People are shocked at how much Olympians get paid if they don't win a medal
There's a reason more than half don't consider themselves financially stable...
Athletes put their heart and soul into an Olympics. Competing in the sport they love, with four years of preparation and build-up often coming down to one day, one hour, one moment. The difference between glory and devastation.
But it's not just a place in the history books that many of them are chasing. For many, a medal means that they will leave the games with some financial reward.
US athletes for example aren't paid for being at the games. Only those that win medals receive a financial sum.
Olympians in the US receive an untaxed $37,500 for gold, $22,500 for silver and $15,000 for bronze. Finish anywhere else? Nothing. Nada. Zilch.
Which helps explain why a survey of 500 professional athletes found that 60 per cent did not consider themselves financially stable.
Some Olympians can get stipends though. According to Business Insider, the United States Olympic & Paralympic Committee pay bronze medallist in the women’s team sabre event Monica Aksamit $300 (USD) per month. The maximum an athlete can earn is $4,000 every month, but the rate depends on how well the athlete performs and how popular the sport is.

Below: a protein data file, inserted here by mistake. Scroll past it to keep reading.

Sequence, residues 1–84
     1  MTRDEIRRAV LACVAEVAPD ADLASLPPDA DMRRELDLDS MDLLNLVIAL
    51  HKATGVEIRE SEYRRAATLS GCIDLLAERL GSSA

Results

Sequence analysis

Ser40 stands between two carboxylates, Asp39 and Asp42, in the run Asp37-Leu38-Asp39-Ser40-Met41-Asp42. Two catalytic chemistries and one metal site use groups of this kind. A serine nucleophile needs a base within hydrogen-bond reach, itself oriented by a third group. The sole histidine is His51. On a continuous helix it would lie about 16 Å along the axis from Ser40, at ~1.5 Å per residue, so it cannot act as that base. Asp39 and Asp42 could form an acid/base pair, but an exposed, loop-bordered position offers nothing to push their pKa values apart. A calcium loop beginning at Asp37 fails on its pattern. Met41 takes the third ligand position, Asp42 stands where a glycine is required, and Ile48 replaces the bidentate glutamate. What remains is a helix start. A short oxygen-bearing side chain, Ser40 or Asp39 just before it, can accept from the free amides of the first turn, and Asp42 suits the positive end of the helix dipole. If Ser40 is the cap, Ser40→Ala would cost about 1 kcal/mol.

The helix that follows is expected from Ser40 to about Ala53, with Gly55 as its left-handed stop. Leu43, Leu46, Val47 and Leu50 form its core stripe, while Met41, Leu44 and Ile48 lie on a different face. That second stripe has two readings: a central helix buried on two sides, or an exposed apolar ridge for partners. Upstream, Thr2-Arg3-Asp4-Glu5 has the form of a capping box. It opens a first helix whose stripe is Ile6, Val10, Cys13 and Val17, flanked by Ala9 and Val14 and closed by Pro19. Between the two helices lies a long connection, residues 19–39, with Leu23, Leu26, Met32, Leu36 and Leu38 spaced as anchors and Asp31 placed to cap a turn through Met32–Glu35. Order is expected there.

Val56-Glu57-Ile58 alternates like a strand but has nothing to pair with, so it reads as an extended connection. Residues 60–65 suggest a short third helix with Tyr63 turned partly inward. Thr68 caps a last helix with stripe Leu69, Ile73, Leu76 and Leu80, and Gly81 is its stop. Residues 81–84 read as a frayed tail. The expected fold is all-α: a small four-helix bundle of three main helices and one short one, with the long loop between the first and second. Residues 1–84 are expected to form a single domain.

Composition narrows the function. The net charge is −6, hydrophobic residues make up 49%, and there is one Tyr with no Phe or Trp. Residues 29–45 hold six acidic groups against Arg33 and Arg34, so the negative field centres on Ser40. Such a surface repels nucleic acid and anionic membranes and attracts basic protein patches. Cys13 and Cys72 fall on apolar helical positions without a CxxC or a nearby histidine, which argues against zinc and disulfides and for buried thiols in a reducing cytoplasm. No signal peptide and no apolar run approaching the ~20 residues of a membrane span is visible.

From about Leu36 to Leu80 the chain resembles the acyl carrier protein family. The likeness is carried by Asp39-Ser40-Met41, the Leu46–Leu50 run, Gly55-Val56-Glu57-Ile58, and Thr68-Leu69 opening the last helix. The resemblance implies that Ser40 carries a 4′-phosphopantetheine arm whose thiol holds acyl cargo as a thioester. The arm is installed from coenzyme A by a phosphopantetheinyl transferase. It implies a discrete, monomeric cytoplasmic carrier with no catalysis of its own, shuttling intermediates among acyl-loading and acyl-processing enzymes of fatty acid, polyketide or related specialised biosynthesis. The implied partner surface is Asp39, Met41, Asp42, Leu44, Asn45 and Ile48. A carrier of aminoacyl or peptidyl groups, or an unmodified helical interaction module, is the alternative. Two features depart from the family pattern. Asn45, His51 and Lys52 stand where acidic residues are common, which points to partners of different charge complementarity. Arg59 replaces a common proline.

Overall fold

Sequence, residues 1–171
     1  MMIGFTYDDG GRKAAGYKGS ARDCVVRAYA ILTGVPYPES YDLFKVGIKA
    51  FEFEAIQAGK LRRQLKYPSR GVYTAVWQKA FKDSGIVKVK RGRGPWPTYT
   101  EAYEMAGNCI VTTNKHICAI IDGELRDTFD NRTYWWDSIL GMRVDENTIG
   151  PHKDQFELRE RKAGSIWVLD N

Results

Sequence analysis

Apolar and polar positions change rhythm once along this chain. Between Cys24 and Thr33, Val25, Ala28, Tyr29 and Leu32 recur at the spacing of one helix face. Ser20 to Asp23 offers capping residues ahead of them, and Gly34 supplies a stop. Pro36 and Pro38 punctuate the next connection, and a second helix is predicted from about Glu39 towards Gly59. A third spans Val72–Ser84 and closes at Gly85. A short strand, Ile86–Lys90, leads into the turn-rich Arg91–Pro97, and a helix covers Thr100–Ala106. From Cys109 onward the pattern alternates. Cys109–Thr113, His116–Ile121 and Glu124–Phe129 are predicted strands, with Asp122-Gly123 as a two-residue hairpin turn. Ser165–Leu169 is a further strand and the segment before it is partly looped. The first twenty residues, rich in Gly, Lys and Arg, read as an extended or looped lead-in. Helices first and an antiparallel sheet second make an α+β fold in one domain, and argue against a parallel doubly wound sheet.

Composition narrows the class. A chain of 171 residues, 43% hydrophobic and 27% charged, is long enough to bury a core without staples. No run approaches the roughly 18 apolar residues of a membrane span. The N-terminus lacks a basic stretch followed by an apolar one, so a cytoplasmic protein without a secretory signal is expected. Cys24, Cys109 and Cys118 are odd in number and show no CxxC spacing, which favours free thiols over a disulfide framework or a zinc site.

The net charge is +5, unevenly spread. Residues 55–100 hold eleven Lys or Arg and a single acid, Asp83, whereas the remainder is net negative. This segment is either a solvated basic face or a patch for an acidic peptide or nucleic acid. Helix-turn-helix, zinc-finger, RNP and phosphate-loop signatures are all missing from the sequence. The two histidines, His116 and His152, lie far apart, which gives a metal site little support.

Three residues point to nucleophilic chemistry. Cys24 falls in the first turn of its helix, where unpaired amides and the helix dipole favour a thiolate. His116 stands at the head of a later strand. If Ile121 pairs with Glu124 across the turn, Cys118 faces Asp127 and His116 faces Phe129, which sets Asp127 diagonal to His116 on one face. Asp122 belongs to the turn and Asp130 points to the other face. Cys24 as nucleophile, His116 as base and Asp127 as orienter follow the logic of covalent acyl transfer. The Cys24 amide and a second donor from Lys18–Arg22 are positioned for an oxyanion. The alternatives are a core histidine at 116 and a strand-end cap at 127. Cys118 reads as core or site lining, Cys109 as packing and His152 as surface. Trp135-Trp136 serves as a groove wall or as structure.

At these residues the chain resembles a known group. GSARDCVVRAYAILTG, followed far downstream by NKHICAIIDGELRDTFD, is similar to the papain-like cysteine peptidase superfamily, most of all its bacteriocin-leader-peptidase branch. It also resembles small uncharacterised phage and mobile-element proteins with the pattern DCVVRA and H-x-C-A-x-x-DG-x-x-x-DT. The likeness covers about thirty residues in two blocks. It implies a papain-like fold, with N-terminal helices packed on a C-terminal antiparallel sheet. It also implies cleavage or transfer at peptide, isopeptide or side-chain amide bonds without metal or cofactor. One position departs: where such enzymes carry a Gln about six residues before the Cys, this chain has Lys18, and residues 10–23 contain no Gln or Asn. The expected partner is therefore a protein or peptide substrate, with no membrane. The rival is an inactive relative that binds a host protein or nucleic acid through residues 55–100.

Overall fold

The biggest stars from the biggest sports will make most of their money from sponsorships and brand deals. But athletes from the more obscure sports that receive less mainstream attention often need extra jobs to pay the bills and fund their Olympic dream.
Even in the most popular sports such as track and field, there is still not a lot of profit though. In 2012, Business Insider found that nearly half of track and field athletes made $15,000 or less.
So next time someone decides to criticise an athlete for celebrating a silver or bronze because "real champions don't celebrate third," maybe bear in mind that there may be more significance behind that bronze than just a place on the podium.
For some, it will mean they can continue playing the sport they love for the next few years.